House trims Lingle budget $17M
Changes are likely in the Senate following the state economic forecast on Tuesday
House lawmakers have completed work on their first draft of the two-year state budget, trimming about $17 million in general funds from the proposal submitted by Gov. Linda Lingle and shifting money to prioritize spending on education, the University of Hawaii and health care needs.
But the funding measure is likely to need changes almost as soon as it passes out of the House, which is expected tomorrow.
That's because the state Council on Revenues, the panel of economists that sets the fiscal forecast on which the budget based, is scheduled to make its latest prediction on Tuesday.
HOUSE BUDGET PROPOSAL
A brief look at general funds requested by Gov. Linda Lingle in her biennium budget, and what the Legislature has proposed in its early draft of the budget bill.
FISCAL YEAR 2008
Governor's request: $5,165,208,560
House Bill 500, House Draft 1: $5,167,921,115 ($2,712,555 more)
FISCAL YEAR 2009
Governor's request: $5,283,517,503
House Bill 500, House Draft 1: $5,263,801,995 ($19,715,508 less)
Sources: Office of the Governor, House Finance Committee
"We think at best it'll be flat, but realistically we think it might be going south," said House Finance Chairman Marcus Oshiro (D, Wahiawa-Poamoho).
It will be up to the Senate to craft a version of the bill that more accurately reflects the state's revenue picture after the council makes its forecast.
Aside from further trimming state agency budgets and programs, a lower forecast could also affect any tax rebate that lawmakers consider passing. A tax rebate of some form is mandated by the state Constitution, based on the growth in revenues over the past two fiscal years.
Another unknown is ongoing contract negotiations with public employee unions, and how much their raises will impact state spending.
"I think there's going to be a will to try and provide the constitutionally mandated (tax) cut, but one that is directed toward those that need it the most," said House Majority Leader Kirk Caldwell (D, Manoa).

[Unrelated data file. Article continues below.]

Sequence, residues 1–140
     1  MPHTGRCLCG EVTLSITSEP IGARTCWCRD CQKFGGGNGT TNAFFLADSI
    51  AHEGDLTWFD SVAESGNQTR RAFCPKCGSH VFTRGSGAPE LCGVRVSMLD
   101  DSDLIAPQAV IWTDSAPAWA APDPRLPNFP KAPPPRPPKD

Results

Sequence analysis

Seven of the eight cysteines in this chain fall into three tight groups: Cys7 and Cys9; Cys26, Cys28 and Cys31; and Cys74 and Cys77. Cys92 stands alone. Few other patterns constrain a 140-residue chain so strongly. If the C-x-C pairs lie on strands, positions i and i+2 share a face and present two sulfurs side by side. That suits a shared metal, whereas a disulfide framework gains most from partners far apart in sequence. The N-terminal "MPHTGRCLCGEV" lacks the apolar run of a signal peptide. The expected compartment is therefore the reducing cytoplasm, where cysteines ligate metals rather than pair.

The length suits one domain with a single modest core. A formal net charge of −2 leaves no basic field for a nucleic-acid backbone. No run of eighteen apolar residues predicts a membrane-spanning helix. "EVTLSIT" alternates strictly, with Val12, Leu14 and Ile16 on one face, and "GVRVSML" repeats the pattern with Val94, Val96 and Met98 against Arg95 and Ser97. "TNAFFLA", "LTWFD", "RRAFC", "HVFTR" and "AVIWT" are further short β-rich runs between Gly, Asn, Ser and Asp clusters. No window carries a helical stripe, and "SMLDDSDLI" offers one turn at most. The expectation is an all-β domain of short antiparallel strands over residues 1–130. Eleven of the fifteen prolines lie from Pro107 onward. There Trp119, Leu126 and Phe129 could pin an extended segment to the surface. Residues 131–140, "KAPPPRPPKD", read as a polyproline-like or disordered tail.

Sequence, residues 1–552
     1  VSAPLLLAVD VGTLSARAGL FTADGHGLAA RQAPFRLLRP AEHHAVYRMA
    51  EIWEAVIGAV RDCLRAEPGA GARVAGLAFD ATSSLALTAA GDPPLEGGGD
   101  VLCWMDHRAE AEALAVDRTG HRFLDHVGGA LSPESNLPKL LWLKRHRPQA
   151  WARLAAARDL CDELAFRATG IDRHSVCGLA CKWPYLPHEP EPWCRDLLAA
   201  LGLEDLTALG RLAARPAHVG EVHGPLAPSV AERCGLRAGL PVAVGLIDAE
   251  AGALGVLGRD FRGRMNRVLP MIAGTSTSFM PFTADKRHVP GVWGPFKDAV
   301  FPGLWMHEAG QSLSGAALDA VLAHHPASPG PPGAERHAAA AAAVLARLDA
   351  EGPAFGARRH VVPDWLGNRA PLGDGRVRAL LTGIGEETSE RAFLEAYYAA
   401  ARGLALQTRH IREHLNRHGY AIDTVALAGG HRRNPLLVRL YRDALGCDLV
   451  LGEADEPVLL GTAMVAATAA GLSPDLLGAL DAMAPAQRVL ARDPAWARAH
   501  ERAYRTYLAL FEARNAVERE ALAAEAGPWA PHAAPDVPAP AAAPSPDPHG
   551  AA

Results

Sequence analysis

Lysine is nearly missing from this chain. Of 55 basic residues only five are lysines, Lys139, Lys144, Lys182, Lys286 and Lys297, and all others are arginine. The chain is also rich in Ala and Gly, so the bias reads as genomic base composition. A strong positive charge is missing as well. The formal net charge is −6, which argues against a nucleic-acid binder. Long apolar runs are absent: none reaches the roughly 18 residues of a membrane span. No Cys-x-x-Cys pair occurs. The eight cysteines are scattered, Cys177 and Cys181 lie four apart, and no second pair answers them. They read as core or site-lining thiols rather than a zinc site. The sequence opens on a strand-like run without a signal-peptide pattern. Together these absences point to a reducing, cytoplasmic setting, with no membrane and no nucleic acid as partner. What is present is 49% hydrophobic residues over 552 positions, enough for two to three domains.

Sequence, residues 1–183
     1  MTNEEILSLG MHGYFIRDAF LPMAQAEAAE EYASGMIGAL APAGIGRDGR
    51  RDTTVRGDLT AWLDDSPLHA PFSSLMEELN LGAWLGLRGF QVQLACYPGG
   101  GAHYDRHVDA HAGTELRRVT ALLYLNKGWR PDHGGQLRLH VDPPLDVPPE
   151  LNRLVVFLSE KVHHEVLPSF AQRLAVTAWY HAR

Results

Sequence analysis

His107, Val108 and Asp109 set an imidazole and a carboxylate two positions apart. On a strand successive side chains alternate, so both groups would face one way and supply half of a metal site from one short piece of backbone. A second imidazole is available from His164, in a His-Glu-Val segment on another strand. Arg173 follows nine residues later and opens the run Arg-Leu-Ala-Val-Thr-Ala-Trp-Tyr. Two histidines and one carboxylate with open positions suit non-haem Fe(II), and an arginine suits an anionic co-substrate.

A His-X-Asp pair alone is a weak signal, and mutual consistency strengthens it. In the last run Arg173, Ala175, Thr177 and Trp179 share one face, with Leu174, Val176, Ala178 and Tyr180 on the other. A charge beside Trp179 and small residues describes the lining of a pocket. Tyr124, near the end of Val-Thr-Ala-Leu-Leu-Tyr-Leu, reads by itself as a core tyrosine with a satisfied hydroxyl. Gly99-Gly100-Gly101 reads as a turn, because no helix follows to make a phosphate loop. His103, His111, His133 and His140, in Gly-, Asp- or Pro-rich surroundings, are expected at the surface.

Lingle had pushed for a package of tax cuts to Hawaii residents worth $346 million over two years, including a one-time refund of $100 per person for families with household incomes up to $100,000. Those with higher incomes would get $25 per person.
Lawmakers had balked at the price tag previously, and are likely to be even less supportive if the council's forecast comes back lower than before. In December the council predicted general fund tax revenues of $4.7 billion in the current, 2007 fiscal year, which ends June 30. Revenues for the 2008 fiscal year were pegged at $4.98 billion. Those figures amount to an economic growth rate of 6 percent each year.
Growth is expected to drop to 4.1 percent in fiscal year 2009 before edging up to 4.6 percent in 2010, then 4.5 percent in 2011, 4.9 percent in 2012 and 5.6 percent in 2013.
Economists have attributed the deceleration to several factors, including a slowdown in construction and military spending, a leveling off of tourism and inflation.
The House's early version of the budget recognizes the slowdown in 2009.
For 2008, the Finance Committee provided $2.7 million more than Lingle requested, but in 2009 came back with $19.7 million less.
The House budget also shifted money around, placing more priority on what Oshiro called "human capital."
"Whatever spending we do make, we need to make sure it is investing in human capital," Oshiro said. "We have to be bullish about ourselves and our future.
"Let's focus upon the basics: housing, health care, education, transportation and energy."
Among the biggest difference in the financial plans was spending on education, where the House budget provided about $52.4 million more in operating funds to the Department of Education over the two-year period.
Agencies that saw the most general funds cut were the Department of Business, Economic Development and Tourism ($37.5 million less over two years) and the Department of Land and Natural Resources ($5.6 million less).
"Basically, some of the requests are not well supported, and we questioned some of their requests, like furniture, computers and some positions," Oshiro said.
Republicans say they are still studying the budget -- House Bill 500, House Draft 1 -- which passed out of the Finance Committee on Wednesday, and have reserved comment for now.
"At this stage, it's too early to tell," said House Minority Leader Lynn Finnegan (R, Mapunapuna-Foster Village). "We won't know where the commitment of our state money is going to go until we have a more accurate description of what we can spend through the Council on Revenues report.
"It's a work in progress, and I think the slate is blank right now."